A component of the higher education program is to have two different internships: one over the summer and one during our second year of the program. Over the past week I’ve been interviewing for internship positions at different institutions back up north. I really dislike phone interviews because I can never tell how well I do. I play off people’s expressions and emotions in a face-to-face interview, and I can generally gauge how they like me. I feel like that’s the case for most people…regardless, there’s a typical interview question that’s asked that I feel is pertinent for this blog:
What is your leadership style? Describe it.
During Assistant Hall Director training this winter, we along with the Residence Hall Directors took something called the DISC assessment. Basically, this assessment describes how you interact with your coworkers and what type of personality style you have. I found it extremely interesting, and accurate. According to the assessment, there are four different trait styles: Dominance, Influence, Steadiness, and Conscientiousness. I fall into the Steadiness category. (Sidenote: I’ve also taken StrengthsFinder, and one of my strengths is Consistency, which I found interesting).
As described on http://www.discprofile.com/styles/S-style.htm, an S:
- is motivated by cooperation, opportunities to help and sincere appreciation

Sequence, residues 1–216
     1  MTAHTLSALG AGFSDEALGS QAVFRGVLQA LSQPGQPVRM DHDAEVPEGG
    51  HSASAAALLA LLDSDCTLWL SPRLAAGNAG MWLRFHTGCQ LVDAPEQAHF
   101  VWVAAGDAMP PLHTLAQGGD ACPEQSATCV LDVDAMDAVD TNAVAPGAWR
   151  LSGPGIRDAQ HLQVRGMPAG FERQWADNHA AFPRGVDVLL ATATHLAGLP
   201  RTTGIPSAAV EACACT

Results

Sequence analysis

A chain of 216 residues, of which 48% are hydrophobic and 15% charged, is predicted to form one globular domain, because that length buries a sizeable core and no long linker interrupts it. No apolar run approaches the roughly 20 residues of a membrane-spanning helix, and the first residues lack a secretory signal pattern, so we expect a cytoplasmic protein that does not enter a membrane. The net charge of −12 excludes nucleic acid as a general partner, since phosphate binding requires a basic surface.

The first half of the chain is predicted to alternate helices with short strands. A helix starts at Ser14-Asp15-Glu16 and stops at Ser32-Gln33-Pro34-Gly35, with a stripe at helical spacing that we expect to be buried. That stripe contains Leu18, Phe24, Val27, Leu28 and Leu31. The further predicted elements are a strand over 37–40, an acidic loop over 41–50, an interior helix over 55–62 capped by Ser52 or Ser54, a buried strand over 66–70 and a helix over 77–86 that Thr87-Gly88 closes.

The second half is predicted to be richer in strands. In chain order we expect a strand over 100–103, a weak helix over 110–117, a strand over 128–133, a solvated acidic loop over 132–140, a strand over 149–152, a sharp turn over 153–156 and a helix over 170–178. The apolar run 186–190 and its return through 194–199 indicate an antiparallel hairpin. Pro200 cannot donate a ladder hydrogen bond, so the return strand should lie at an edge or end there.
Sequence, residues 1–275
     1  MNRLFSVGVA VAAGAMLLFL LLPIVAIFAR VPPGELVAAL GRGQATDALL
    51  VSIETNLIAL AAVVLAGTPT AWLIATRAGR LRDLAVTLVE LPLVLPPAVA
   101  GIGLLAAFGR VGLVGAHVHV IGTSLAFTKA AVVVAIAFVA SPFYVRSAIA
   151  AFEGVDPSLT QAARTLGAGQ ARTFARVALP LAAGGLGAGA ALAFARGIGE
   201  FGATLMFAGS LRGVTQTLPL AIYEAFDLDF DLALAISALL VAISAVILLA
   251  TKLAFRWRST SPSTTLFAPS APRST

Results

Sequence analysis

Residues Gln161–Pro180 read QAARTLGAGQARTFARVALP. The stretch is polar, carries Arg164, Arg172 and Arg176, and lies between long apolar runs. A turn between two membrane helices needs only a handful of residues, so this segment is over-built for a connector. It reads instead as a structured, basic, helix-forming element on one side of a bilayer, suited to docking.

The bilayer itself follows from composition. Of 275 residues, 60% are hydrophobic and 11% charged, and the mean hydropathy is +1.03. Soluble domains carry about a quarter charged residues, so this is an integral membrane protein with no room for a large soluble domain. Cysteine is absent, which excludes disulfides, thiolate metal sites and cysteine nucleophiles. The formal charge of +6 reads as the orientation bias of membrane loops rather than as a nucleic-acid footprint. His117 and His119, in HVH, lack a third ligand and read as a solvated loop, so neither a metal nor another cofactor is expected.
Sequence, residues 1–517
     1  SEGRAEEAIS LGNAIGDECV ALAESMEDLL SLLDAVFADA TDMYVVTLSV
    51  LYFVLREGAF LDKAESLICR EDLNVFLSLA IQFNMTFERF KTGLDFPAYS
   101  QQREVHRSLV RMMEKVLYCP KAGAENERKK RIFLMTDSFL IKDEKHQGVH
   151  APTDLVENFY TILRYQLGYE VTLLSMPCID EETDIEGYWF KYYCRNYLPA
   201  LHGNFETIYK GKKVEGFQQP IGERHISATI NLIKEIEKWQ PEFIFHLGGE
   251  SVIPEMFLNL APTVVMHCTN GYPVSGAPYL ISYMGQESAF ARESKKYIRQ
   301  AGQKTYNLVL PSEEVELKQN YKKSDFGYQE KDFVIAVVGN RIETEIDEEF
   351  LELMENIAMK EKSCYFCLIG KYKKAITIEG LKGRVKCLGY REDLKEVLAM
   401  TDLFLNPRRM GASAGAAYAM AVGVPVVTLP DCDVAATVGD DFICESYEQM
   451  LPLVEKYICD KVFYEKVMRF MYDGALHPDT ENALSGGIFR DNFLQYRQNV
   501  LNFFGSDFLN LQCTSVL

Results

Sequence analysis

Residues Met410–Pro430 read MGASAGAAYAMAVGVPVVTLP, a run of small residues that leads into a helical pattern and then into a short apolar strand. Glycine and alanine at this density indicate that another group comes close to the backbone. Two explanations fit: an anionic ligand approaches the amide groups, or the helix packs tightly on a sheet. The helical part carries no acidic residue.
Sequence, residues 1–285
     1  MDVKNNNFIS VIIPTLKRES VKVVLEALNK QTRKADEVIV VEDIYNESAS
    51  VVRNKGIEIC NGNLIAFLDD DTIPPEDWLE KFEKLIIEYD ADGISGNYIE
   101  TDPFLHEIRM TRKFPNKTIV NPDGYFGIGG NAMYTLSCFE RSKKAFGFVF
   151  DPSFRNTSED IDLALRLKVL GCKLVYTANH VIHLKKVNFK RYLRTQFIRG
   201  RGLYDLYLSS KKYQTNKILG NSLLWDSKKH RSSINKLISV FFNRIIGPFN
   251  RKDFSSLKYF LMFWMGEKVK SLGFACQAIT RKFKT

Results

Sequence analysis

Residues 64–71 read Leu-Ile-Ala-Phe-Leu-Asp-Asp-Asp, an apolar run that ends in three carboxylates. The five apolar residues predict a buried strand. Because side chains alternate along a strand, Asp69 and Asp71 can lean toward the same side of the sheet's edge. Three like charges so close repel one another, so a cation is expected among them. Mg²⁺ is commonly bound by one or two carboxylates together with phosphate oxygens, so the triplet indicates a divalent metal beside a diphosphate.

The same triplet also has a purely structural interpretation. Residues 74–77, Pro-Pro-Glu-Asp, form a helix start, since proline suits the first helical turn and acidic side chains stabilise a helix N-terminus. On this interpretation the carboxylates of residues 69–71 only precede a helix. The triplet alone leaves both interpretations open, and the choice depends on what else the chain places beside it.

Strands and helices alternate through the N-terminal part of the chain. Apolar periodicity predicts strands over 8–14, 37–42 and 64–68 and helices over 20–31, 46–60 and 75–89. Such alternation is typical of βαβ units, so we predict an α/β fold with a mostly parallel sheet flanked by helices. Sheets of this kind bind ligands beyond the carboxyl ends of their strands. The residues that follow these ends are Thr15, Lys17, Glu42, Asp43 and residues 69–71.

- prioritizes giving support, collaboration and maintaining stability
- is described as calm, patient, predictable, deliberate, stable and consistent.
- may be limited by being indecisive, overly accommodating and tendency to avoid change
- may fear change, loss of stability and offending others.
- values loyalty, helping others and security
- personal accomplishments
- group acceptance
- power through formal roles and positions of authority
- maintenance of status quo and controlled environment
Needs others who:
- react quickly to unexpected change
- become involved in more than one thing
- are self-promoting
- apply pressure on others
- work comfortably in an unpredictable environment
- help to prioritize work
- are flexible in work procedures
This describes me exactly. I was astonished. I am very task oriented, however in a large group setting, I prefer to sit back and see what everyone else has to say before offering my opinion and ideas. The way that I usually describe my leadership style is exactly that: if someone is leading the group, I will be happy to do whatever it is to support them in order to make sure the task gets done. However, if no one is stepping up, I will be more than happy to do that for the group. For me, there is only one thing on my mind: getting to the goal and solving the problem. I don’t care how we get there and what the most efficient way is…well, sometimes I do. I am mostly just focused on achieving what we as a group need to achieve. I know some people who need to think of the easiest and quickest way to do something. One of my RAs is a perfect example. She needs to know all of the details ahead of time and loves structure, and one of the reasons is because she likes to discover a faster and easier way of accomplishing things. I am not like that. I need to know a few details, sure, but my focus is on getting the task accomplished, and I’m not picky about how we get there.
Describing leadership styles can be difficult and vague. But I’ve been in this field long enough to know that there are certain tools that can be used to help, such as StrengthsFinder and DISC. And thanks to DISC, I had an easier time of answering that interview question.